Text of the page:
Arginine as an Adjuvant Treatment Against Tuberculosis

The safety and scientific validity of this study is the responsibility of the study sponsor and investigators. Listing a study does not mean it has been evaluated by the U.S. Federal Government. Read our disclaimer for details. Identifier: NCT00857402
Recruitment Status : Completed
First Posted : March 6, 2009
Last Update Posted : March 6, 2009
University of Gondar
Kalmar County Hospital
Information provided by:
Linkoeping University

Brief Summary:
The purpose of this study was to investigate if adjuvant treatment with arginine (the substrate for nitric oxide production) rich food supplements could improve clinical outcome in patients with smear positive tuberculosis by affecting nitric oxide production.

Condition or disease Intervention/treatment Phase
Tuberculosis HIV Dietary Supplement: Peanuts Dietary Supplement: Daboqolo Not Applicable

Detailed Description:

Tuberculosis (TB) is disease of increased global public health importance. Because of emerging multi drug resistance and the long treatment duration there is a need to optimize the current chemotherapy. Host immunity is important in determining the susceptibility and outcome of disease as could be exemplified by co infection with HIV which dramatically increases the risk to develop TB.

Previous results from our group and others show that nitric oxide produced by activated macrophages from arginine might be important to control the disease. However, the relative importance of nitric oxide in human TB has been debated. In a previous study in Gondar, Ethiopia, we observed an effect of adjuvant treatment with arginine capsules on sputum smear conversion and reduction of cough. In this study we wanted to test the hypothesis based on previous observations that an arginine rich food supplementation might enhance clinical improvement in patients with smear positive tuberculosis and if this effect could be due to increased nitric oxide production.

Study Type : Interventional  (Clinical Trial)
Actual Enrollment : 180 participants
Allocation: Randomized
Intervention Model: Parallel Assignment
Masking: Double (Participant, Care Provider)
Primary Purpose: Supportive Care
Official Title: Arginine Rich Food Supplementation as an Adjuvant Treatment Against Tuberculosis
Study Start Date : February 2004
Actual Primary Completion Date : December 2006
Actual Study Completion Date : December 2006

Resource links provided by the National Library of Medicine

MedlinePlus related topics: Tuberculosis

Arm Intervention/treatment
Active Comparator: Peanuts Dietary Supplement: Peanuts
30g of peanuts daily for 4 weeks (directly observed). This dose of peanuts is equivalent to 1 gram of arginine.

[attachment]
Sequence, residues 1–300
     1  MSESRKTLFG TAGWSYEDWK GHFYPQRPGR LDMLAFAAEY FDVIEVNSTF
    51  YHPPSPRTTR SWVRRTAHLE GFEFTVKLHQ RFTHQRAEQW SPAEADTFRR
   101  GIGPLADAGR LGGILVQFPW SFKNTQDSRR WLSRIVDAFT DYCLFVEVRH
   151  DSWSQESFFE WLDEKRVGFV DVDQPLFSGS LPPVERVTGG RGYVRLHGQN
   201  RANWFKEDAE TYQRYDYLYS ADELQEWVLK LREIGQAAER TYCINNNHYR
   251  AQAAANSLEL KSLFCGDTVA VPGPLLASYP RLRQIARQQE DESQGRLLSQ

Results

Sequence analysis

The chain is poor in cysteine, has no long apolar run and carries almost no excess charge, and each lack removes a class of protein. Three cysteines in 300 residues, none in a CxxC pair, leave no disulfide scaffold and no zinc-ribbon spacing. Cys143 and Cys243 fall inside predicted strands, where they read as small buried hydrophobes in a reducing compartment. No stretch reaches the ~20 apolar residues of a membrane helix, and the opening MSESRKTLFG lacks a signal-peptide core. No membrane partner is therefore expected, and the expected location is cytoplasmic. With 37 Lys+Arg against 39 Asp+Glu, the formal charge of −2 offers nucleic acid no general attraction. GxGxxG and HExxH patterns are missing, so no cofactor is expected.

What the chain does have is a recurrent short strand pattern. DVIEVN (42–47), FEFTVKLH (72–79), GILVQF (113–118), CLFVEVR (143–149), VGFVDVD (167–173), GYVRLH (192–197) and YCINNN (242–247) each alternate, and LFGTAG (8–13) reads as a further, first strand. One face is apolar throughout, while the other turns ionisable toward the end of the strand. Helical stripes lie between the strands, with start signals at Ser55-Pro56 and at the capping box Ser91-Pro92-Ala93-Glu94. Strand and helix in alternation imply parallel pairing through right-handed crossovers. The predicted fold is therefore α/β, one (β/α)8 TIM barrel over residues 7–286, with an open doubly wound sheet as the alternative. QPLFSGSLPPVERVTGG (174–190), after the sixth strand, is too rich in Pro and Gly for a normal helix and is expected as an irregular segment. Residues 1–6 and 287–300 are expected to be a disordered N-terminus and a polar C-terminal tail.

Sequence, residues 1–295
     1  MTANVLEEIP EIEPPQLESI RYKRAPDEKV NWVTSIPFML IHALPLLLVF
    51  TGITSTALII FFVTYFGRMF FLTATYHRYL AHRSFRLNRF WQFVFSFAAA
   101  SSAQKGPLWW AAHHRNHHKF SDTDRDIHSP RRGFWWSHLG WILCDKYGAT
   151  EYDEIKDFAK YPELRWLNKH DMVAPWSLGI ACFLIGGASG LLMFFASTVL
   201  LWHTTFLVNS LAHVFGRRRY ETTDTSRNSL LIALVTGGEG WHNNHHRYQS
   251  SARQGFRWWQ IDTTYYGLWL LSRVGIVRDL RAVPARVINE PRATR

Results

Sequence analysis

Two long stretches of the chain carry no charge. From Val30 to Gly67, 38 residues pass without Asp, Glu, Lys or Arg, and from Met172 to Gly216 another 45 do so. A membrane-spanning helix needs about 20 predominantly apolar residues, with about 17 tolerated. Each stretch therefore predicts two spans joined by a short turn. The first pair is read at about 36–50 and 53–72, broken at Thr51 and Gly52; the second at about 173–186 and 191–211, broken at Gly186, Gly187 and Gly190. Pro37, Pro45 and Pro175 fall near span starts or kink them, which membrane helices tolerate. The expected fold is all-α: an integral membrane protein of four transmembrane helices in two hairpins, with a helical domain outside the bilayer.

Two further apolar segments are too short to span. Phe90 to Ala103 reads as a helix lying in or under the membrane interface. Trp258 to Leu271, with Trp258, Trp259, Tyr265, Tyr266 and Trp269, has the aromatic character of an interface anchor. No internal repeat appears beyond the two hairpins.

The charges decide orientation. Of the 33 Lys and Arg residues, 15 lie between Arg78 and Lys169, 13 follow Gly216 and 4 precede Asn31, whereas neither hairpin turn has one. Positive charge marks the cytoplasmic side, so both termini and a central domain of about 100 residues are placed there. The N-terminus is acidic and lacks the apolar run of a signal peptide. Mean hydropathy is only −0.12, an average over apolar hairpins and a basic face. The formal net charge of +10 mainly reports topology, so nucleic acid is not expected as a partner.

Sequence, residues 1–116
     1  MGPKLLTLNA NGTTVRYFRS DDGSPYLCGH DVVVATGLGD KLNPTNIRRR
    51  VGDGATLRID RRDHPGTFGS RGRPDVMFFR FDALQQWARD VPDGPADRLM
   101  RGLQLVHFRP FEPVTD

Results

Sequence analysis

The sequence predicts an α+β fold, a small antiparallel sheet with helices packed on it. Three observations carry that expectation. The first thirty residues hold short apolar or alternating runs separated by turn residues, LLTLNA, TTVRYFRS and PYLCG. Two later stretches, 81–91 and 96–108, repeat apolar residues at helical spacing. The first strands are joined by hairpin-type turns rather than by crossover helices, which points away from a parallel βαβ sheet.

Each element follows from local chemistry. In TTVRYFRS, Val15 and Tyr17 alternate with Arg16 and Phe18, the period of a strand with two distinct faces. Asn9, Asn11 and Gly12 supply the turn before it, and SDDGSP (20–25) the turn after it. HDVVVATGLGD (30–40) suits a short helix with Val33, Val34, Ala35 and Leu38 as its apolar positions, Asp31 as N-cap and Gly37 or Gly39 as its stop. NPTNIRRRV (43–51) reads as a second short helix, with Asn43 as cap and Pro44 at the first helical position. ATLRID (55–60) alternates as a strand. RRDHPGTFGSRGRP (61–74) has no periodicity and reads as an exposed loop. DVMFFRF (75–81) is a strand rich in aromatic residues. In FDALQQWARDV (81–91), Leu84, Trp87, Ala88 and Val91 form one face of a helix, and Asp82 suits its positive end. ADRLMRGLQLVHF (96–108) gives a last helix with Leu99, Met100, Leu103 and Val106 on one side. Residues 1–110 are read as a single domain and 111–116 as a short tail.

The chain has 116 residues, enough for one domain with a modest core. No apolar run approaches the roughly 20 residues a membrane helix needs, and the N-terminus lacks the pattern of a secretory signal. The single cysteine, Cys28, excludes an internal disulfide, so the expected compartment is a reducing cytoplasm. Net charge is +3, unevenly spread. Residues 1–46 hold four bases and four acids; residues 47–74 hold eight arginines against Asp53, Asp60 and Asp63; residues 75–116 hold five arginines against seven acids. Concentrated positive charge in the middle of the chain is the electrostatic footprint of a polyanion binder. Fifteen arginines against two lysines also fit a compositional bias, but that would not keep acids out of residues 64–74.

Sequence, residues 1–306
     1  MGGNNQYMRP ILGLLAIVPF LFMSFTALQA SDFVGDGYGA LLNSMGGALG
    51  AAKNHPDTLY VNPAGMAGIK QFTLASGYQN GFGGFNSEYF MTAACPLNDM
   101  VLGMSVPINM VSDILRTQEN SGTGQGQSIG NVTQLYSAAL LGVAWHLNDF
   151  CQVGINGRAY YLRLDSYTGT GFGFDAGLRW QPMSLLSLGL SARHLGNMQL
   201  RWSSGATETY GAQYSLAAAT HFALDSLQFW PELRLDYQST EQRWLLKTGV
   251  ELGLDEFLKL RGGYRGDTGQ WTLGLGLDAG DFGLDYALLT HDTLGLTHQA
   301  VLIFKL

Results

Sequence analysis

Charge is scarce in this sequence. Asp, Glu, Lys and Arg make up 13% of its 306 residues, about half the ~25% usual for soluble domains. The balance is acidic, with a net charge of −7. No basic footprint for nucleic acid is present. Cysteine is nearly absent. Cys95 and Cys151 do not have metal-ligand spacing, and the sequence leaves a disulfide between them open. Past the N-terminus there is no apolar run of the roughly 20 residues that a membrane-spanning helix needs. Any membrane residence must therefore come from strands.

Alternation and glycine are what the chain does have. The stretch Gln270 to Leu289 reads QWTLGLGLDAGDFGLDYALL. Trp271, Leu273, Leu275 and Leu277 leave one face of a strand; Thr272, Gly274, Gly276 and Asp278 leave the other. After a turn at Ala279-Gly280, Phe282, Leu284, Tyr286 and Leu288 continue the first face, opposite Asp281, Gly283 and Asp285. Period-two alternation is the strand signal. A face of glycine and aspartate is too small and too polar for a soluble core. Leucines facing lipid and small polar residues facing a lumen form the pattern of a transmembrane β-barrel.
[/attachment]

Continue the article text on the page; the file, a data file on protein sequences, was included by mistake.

Active Comparator: Daboqolo Dietary Supplement: Daboqolo
30g of Daboqolo per os daily for 4 weeks (given supervised). 30g of Daboqolo is equivalent to 0.1 g of arginine.

Primary Outcome Measures :
  1. Final outcome according to WHO [ Time Frame: 8 months ]

Secondary Outcome Measures :
  1. Change in Chest X-ray pattern from baseline to 2 months [ Time Frame: 2 months ]
  2. Levels of exhaled and urinary nitric oxide [ Time Frame: First week, week 2, week 8, and month 5 ]
  3. Weight gain from baseline until 2 months [ Time Frame: 2 months ]
  4. Sedimentation rate [ Time Frame: 2 months ]
  5. Sputum smear conversion [ Time Frame: 2 months ]
  6. Reduction of cough from baseline to 2 months [ Time Frame: 1 and 2 months ]

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Ages Eligible for Study:   15 Years to 60 Years   (Child, Adult)
Sexes Eligible for Study:   All
Accepts Healthy Volunteers:   No

Inclusion Criteria:

  • Informed and written consent to take part in the study
  • Previously untreated and newly diagnosed smear positive Tb patients according to the WHO definitions

Exclusion Criteria:

  • Hospitalization
  • Pregnancy
  • Known allergy against peanuts
  • Chronic or acute disease other than tuberculosis/HIV

Information from the National Library of Medicine

To learn more about this study, you or your doctor may contact the study research staff using the contact information provided by the sponsor.

Please refer to this study by its identifier (NCT number): NCT00857402

Gondar University, DOTS-center
Gondar, Region 3, Ethiopia, Gondar, Ethiopia, P.o. box 106
Sponsors and Collaborators
Linkoeping University
University of Gondar
Kalmar County Hospital
Principal Investigator: Thomas Schön, MD PhD Linkoeping University
Study Director: Sven Britton, Professor Karolinska Institutet
Study Chair: Tommy Sundqvist, Professor Linkoeping University, Sweden

Publications of Results:
Other Publications:
Publications automatically indexed to this study by Identifier (NCT Number):
Responsible Party: Thomas Schön, Linkoeping University Identifier: NCT00857402     History of Changes
Other Study ID Numbers: ArgII
First Posted: March 6, 2009    Key Record Dates
Last Update Posted: March 6, 2009
Last Verified: March 2009

Keywords provided by Linkoeping University:
Nitric oxide
Sedimentation rate

Additional relevant MeSH terms:
Mycobacterium Infections
Actinomycetales Infections
Gram-Positive Bacterial Infections
Bacterial Infections